How I Made It: Advertising veteran Jimmy Smith

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The gig: Advertising veteran Jimmy Smith, 53, has orchestrated award-winning work for brands including Nike and Gatorade, the latter involving the adoption of the more edgy “G” in packaging and marketing the sports drink. Since 2011, Smith has been chief executive and chief creative officer of Amusement Park Entertainment, which he founded with advertising conglomerate Interpublic Group, to develop “branded entertainment” — industry lingo for making the product or brand the centerpiece of an app, game, event, television show or movie, rather than creating an ad that viewers can ignore.


Another gig: Smith has added more traditional advertising and marketing back into his playbook. His businesses will operate as part of a larger company called simply Amusement Park, formed with longtime executives from DGWB Advertising & Communications. Smith is chairman and chief creative officer of the new firm. Partners Mike Weisman, Ed Collins and Jon Gothold have taken on the jobs of CEO, president and executive creative director, respectively. The venture operates out of offices in Los Angeles and Santa Ana, where DGWB has occupied the town’s historic city hall. Combined, the businesses have nearly 90 employees.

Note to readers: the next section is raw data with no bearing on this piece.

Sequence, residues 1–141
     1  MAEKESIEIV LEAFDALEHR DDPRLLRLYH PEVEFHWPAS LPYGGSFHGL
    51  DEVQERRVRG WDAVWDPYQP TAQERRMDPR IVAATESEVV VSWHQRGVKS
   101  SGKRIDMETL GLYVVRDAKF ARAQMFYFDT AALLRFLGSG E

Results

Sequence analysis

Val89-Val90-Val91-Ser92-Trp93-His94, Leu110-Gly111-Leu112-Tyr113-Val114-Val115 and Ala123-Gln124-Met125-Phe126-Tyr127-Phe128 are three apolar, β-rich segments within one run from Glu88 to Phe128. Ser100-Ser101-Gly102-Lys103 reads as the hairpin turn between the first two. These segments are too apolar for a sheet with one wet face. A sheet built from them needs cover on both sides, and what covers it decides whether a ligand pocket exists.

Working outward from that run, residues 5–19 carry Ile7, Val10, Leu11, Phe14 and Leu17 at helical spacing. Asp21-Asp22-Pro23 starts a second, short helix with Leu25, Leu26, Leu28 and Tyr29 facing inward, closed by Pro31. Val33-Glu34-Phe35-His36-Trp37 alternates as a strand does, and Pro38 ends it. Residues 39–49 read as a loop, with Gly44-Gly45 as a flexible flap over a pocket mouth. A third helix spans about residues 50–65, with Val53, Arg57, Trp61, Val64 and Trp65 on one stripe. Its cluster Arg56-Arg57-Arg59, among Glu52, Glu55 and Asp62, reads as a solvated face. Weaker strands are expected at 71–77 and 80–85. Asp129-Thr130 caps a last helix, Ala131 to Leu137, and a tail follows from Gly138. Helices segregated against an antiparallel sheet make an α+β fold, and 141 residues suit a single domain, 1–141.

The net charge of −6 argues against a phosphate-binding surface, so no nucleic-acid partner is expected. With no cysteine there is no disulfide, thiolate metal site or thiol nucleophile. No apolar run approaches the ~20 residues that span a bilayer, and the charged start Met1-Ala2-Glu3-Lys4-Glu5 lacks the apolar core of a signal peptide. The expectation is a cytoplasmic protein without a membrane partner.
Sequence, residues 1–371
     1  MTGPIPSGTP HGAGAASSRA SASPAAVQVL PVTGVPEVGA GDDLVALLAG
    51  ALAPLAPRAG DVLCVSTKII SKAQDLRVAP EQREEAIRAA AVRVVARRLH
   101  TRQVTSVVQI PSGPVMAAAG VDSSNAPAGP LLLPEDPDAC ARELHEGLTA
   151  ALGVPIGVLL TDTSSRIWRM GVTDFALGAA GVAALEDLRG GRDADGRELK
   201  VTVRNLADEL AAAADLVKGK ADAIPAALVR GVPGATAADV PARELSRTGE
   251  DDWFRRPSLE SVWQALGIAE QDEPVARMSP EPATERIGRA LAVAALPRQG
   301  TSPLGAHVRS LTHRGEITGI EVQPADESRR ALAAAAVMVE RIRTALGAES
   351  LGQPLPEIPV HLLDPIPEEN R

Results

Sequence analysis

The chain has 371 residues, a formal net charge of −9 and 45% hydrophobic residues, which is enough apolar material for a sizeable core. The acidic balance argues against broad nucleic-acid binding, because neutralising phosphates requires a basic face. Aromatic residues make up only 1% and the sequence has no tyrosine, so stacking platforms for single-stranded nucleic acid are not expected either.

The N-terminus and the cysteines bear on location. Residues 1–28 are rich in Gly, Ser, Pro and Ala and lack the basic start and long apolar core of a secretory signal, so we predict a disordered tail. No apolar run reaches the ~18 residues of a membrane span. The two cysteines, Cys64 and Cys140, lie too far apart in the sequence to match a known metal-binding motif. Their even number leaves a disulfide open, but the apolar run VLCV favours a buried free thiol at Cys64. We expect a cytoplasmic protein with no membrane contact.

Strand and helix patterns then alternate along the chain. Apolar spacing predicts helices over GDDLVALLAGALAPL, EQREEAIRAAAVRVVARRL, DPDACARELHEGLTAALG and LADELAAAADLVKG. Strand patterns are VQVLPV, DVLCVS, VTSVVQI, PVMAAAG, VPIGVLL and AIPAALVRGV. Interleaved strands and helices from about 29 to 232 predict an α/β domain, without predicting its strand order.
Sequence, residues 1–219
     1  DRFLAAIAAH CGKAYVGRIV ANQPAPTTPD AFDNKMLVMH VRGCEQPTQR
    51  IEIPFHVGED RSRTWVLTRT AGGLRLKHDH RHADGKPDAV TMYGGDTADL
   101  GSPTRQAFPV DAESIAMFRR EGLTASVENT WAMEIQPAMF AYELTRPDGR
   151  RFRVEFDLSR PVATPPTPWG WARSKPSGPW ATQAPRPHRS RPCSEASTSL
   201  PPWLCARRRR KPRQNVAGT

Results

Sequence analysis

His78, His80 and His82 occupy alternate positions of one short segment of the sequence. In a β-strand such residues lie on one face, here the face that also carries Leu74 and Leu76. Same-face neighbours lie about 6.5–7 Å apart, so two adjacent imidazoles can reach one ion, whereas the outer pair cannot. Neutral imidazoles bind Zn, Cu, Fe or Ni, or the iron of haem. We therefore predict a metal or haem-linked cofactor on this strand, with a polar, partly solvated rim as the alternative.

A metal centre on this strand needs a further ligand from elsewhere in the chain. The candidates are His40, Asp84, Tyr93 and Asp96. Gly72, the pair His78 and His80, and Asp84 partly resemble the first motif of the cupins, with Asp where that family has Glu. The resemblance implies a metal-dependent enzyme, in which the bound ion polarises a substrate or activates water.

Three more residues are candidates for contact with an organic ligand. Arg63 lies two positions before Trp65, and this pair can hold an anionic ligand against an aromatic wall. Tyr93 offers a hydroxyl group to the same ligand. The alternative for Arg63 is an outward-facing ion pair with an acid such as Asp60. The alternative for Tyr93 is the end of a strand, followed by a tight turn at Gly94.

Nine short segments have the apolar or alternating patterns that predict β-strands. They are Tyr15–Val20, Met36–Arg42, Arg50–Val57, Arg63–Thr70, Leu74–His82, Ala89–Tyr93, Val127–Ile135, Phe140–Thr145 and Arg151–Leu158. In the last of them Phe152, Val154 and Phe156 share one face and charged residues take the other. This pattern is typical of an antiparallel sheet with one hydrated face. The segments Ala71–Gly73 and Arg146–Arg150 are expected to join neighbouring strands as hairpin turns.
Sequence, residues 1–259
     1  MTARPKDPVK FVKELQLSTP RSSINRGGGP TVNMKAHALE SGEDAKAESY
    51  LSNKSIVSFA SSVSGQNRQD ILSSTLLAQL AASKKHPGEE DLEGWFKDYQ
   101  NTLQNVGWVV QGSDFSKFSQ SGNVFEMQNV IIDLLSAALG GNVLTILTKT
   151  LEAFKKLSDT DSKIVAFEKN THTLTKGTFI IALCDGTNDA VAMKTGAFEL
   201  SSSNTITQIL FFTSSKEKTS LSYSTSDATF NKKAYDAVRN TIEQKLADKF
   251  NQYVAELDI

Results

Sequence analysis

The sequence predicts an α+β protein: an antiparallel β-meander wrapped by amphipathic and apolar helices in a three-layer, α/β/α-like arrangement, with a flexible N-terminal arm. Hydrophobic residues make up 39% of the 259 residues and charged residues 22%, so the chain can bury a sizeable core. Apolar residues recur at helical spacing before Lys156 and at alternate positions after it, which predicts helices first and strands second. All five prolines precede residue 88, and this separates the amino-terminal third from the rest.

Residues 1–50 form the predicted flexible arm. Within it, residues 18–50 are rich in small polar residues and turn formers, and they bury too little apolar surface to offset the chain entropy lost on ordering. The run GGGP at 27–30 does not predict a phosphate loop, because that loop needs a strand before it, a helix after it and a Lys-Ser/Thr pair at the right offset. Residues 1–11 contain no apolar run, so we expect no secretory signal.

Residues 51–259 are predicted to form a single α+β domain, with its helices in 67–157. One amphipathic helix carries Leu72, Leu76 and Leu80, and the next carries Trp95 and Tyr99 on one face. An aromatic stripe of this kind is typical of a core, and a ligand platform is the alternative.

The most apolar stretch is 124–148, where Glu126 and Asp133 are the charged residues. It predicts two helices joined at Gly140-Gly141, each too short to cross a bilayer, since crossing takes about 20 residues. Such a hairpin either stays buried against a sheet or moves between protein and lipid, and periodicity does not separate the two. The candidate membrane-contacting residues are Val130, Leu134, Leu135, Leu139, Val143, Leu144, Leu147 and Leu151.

Parental influence: Smith, born in Muskegon, Mich., points to the determination of his father, James, to leave factory work and run his own business, eventually acquiring a restaurant franchise. “It was the first time that I could remember of a black person owning something in Muskegon,” Smith said. “It stayed in my head that I could do that too.” His mother, Evelyn, was a teacher and his language guide. “I couldn’t speak or write or do anything, from a very young age, without being corrected on the right way to do it by my mom, in a healthy way.”
Becoming “Bewitched”: Branding and advertising was an early career idea, Smith said, that he got from “Bewitched,” a sitcom that ran from 1964 to 1972 about New York ad exec Darrin Stephens. In the show, Stephens marries a witch, Samantha. The only drawback was having an evil witch — Endora — for a mother-in-law. “Darrin’s wife was beautiful,” Smith said. “He had a big house and if it wasn’t for Endora, it seemed like a pretty easy gig.”